Some Cops Want Guns Allowed at Eagles Games
The Eagles have lost two straight games at home, the last one a 45-17 loss to the Tampa Bay Buccaneers. Fans are pretty angry. And the National Fraternal Order of Police has an idea to make things better: Concealed-carry guns at Lincoln Financial Field every Sunday.
The Buckeye Firearms Association wrote last month about a letter the National Fraternal Order of Police wrote to the NFL, urging the league to drop its blanket anti-gun rule and let off-duty cops who attend games carry their weapons into the stadium.
Philadelphia FOP president John McNesby says “we totally support the National FOP on this issue.”
“Today, I am writing on behalf of the members of the Fraternal Order of Police to urge you to rescind this policy which weakens the safety and security of NFL players, personnel and fans,” National FOP president Chuck Canterbury said. “The terrorist attacks and threats of attacks from organizations like the Islamic State of Iraq and the Levant (ISIL) are selecting targets based on the amount of death and injury they can inflict – mass murder and casualty events.”
The NFL adopted a blanket ban on all guns at NFL games in 2013, though the Texas and Cowboys are exempt as Texas state law supersedes the NFL’s rule; local news reports say many Texas cops carry their guns at all times. A man was shot to death outside the Cowboys’ AT&T Stadium during a tailgate party earlier this season.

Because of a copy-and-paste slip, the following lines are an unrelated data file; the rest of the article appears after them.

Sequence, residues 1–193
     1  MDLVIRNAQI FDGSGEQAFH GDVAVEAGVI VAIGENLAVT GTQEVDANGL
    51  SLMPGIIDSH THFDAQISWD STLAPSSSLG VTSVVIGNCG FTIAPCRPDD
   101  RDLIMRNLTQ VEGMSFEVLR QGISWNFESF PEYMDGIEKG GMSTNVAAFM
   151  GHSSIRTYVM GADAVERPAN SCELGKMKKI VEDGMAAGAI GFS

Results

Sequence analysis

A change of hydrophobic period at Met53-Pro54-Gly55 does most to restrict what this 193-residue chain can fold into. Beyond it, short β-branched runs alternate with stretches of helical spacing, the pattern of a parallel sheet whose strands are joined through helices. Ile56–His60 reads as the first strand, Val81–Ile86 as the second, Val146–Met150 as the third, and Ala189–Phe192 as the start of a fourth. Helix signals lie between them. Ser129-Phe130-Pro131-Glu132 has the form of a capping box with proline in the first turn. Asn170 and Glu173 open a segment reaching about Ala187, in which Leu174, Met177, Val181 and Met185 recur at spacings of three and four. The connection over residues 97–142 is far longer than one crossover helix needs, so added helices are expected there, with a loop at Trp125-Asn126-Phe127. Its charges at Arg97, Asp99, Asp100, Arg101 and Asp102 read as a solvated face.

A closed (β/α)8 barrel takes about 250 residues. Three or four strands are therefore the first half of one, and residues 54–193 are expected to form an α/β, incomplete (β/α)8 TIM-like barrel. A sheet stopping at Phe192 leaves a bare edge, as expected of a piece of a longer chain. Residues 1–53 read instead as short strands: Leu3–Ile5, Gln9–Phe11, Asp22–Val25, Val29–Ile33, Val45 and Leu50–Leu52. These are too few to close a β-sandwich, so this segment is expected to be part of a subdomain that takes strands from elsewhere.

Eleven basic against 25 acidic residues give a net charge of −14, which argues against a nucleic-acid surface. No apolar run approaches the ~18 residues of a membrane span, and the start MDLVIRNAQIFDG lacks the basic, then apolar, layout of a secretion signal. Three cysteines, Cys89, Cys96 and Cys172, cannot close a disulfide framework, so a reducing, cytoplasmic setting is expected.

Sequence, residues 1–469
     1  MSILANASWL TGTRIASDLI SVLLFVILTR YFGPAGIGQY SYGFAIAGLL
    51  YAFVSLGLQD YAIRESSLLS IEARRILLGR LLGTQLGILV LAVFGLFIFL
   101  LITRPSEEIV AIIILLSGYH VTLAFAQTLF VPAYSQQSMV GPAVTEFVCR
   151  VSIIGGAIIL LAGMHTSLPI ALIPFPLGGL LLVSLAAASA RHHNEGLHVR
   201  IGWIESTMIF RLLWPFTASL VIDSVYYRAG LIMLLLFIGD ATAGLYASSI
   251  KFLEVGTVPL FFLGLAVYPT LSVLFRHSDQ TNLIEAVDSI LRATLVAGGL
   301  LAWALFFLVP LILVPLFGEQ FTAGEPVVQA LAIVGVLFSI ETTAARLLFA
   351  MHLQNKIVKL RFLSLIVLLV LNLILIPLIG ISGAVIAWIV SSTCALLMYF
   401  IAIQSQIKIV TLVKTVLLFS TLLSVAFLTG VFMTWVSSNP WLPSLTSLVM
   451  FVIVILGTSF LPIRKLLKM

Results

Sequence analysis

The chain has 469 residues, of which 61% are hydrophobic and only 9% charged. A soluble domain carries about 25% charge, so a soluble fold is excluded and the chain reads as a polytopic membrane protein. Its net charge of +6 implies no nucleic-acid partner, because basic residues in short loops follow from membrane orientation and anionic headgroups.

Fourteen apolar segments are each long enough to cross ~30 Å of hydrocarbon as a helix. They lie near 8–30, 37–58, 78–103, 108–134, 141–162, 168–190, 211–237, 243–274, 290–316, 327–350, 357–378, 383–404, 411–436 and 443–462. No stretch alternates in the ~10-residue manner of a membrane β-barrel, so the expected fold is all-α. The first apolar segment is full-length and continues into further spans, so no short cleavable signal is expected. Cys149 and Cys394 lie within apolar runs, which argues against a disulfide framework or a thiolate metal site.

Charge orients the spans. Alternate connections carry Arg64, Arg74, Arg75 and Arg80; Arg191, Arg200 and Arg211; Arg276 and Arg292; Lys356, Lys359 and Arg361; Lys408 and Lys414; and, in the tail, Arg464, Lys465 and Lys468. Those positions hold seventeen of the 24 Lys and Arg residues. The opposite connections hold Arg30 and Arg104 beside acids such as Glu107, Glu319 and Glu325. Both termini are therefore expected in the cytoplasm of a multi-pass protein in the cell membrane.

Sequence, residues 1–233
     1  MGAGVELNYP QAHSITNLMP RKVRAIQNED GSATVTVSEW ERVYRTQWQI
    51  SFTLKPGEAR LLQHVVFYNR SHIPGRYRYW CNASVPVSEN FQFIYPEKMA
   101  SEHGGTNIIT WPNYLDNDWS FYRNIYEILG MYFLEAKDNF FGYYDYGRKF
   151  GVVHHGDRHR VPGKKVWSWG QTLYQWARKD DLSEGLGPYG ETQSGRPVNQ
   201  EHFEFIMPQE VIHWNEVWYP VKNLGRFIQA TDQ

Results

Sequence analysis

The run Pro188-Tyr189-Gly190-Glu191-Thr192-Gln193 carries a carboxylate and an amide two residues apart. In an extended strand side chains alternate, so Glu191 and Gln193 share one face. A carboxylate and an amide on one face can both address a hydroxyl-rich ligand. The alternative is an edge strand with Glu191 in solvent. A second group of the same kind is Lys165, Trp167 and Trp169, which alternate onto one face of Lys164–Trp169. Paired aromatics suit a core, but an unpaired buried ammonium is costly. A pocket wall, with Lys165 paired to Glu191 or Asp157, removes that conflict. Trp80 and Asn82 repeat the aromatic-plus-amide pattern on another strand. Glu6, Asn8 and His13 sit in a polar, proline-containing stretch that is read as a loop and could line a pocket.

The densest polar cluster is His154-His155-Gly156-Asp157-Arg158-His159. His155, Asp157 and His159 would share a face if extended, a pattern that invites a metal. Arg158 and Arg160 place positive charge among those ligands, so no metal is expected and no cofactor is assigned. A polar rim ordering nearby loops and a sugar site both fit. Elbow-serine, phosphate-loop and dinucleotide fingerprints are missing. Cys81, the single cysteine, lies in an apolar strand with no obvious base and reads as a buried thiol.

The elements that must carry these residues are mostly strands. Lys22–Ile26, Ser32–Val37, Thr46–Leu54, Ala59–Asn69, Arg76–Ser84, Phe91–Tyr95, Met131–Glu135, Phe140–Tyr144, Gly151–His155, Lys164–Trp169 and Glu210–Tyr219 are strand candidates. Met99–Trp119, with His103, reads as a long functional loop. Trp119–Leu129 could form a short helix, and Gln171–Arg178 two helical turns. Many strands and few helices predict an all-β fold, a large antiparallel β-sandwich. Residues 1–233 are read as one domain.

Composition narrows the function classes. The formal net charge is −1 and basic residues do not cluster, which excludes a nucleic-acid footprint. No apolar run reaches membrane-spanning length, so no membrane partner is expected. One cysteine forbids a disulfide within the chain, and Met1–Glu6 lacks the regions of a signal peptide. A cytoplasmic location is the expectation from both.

Canterbury counters that if everyone isn’t allowed to have guns at NFL games, off-duty and retired police officers ought to be allowed to have them at least.
There are skeptics.
“And adding guns to an Eagles game in Philadelphia seems in its potential for extracurricular violence strangely redundant,” Esquire’s Charlie Pierce wrote. Hey! Here in Philadelphia we fire flare guns at games, not regular guns.
Philadelphia passed its own gun laws in 2007, but state law pre-empts local gun law in Pennsylvania.
The NFL says it’s not interested in changing the rule. An NFL spokesperson tells Fox News the league “concluded that public safety inside NFL stadiums on game days would be best-served by the carrying of firearms by on-duty officers specifically assigned to work the game as part of the comprehensive public safety plan for the event. This approach has been certified by the Department of Homeland Security under the SAFETY Act [Support Anti-Terrorism by Fostering Effective Technologies].”
“Off-duty officers attend games as spectators and are unknown to working law enforcement officers and security personnel,” spokesman Brian McCarthy added. “They may not have the same training and do not participate in the weekly preparation meetings. They are not included in the on-site chain of command. The well-intentioned display or use of guns could have serious unintended and potentially tragic consequences.”